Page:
Key Issues for the Site Allocations Plan

2.9 The Council is required to keep under review matters which may be expected to affect the planning and development of the Borough [3] . Thus a body of evidence underpins the Core Strategy review and the Site Allocations plan. Key elements of the local evidence base include:

  • the Ipswich Strategic Housing Land Availability Assessment update November 2013 (SHLAA),
  • the Ipswich, Babergh, Mid Suffolk and Suffolk Coastal Strategic Housing Market Assessment (SHMA) 2008 and 2012 update,
  • Ipswich Housing Market Area Population and Household Projections September 2013,
  • East of England Forecasting Model Autumn run 2013,
  • Suffolk Haven Gateway Employment Land Review 2009 (the ELR),

  • Suffolk Growth Strategy 2013,
  • New Anglia Local Enterprise Partnership Strategic Economic Plan March 2014,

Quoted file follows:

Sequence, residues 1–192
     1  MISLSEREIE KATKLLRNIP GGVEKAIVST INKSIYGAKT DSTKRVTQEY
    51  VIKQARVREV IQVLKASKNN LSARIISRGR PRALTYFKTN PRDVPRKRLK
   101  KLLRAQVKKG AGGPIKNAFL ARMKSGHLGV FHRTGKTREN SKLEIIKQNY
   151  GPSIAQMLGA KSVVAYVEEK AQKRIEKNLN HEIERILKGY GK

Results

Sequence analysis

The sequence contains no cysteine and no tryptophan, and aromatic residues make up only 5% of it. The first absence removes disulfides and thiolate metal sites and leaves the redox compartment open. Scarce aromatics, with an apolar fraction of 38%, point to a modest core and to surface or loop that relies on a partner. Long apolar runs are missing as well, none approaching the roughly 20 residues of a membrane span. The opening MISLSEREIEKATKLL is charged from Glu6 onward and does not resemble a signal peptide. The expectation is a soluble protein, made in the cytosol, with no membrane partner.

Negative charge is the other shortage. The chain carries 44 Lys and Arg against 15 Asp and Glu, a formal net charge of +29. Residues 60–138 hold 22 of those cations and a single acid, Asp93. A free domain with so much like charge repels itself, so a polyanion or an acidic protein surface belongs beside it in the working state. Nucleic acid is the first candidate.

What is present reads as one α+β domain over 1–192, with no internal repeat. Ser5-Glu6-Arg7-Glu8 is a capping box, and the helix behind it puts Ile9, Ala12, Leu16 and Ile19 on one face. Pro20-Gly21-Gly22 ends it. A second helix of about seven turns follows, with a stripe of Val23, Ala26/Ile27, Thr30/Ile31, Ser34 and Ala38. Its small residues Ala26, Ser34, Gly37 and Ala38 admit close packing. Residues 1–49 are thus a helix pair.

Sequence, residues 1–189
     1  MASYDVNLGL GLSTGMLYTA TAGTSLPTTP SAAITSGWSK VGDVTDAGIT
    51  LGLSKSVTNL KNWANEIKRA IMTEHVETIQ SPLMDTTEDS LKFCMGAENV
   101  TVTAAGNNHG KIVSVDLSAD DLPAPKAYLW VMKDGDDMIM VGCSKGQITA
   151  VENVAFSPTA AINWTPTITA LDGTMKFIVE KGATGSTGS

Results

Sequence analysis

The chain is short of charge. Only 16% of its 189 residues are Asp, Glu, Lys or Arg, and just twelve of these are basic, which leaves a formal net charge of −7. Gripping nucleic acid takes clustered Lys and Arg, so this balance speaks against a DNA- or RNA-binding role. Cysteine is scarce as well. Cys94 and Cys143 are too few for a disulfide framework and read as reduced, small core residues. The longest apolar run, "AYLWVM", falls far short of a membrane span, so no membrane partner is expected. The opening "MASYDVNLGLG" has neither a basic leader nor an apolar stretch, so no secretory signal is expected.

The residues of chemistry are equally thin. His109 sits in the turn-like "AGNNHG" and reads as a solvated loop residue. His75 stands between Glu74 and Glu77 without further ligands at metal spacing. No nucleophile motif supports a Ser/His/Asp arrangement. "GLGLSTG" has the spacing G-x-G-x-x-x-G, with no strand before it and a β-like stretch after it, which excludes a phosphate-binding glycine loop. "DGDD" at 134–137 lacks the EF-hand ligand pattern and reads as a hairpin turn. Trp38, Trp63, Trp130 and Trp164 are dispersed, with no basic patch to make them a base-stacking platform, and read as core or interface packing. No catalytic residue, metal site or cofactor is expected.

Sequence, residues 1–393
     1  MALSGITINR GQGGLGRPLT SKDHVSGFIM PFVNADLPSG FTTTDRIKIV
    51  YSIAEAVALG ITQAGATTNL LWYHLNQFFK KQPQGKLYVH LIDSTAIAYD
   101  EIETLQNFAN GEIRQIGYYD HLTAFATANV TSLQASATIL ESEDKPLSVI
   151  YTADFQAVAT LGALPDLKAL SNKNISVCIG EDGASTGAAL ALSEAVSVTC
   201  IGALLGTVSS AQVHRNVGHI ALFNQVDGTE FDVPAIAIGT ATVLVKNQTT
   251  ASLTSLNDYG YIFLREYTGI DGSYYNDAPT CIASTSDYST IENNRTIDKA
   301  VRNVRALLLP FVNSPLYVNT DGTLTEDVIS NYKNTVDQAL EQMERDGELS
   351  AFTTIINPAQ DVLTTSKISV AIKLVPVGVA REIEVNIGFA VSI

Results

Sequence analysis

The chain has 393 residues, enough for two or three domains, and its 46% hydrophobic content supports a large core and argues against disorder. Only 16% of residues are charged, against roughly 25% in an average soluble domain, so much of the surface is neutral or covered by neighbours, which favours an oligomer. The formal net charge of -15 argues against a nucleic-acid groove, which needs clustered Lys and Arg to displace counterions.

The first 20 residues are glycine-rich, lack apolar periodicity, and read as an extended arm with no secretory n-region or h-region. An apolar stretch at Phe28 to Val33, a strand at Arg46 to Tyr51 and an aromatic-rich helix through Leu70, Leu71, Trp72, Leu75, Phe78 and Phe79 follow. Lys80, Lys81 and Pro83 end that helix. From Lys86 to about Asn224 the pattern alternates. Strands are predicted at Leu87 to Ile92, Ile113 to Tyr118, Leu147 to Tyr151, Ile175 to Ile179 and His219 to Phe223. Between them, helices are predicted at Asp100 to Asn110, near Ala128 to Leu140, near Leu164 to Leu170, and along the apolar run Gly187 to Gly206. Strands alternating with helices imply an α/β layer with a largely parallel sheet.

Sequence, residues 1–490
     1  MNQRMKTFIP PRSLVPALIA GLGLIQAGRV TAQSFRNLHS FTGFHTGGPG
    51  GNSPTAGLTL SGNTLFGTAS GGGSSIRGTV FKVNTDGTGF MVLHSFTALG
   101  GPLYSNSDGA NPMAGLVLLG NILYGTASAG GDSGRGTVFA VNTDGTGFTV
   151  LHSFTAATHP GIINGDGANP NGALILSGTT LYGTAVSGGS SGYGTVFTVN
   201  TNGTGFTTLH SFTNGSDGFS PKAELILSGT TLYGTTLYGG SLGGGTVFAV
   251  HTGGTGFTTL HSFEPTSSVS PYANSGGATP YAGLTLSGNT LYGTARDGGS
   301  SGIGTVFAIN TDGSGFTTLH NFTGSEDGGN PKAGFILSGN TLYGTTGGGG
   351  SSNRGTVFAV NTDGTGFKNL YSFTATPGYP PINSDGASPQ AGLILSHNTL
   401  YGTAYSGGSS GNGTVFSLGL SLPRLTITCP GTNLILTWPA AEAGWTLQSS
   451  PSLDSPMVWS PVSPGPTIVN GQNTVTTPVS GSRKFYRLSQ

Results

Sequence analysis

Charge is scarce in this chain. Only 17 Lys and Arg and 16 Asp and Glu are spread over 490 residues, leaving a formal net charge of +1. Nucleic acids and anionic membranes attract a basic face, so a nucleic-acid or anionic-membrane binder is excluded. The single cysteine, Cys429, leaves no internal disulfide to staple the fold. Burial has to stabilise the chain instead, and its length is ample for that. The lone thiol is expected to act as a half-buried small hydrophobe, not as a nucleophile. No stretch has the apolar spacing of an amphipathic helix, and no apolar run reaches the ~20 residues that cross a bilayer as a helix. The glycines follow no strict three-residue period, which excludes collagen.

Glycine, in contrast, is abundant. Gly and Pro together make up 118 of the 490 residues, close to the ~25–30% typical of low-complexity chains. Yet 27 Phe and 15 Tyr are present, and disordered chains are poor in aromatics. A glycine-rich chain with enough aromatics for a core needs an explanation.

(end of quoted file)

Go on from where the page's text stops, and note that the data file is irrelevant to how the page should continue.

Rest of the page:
• Ipswich Retail and Commercial Leisure Study 2010,
  • Town Centre Opportunity Area Report, DTZ 2013,
  • Ipswich Waterfront Transport Study 2007,
  • 2011 Census ONS,
  • State of Ipswich Annual Monitoring Reports,
  • Authority Monitoring Report 9 2012-2013,
  • Ipswich Strategic Flood Risk Assessment 2011 (SFRA),
  • Ipswich Wildlife Audit Update 2012-13,
  • Suffolk County Council Historic Environment Record;
  • Ipswich Transport Assessment 2010; and
  • Gypsy and Traveller Accommodation Assessment for Ipswich, Babergh, Mid Suffolk, Suffolk Coastal and Waveney, in partnership with Suffolk County Council, 2013.

2.10 These documents and others may be found on the Council's website www.ipswich.gov.uk within the Planning Policy Supporting Information section or in the Core Document Library.

2.11 The key strategic challenges for Ipswich are identified in the Core Strategy review paragraph 5.25. Some of the more detailed issues emerging from the evidence, which this plan needs to address, are as follows: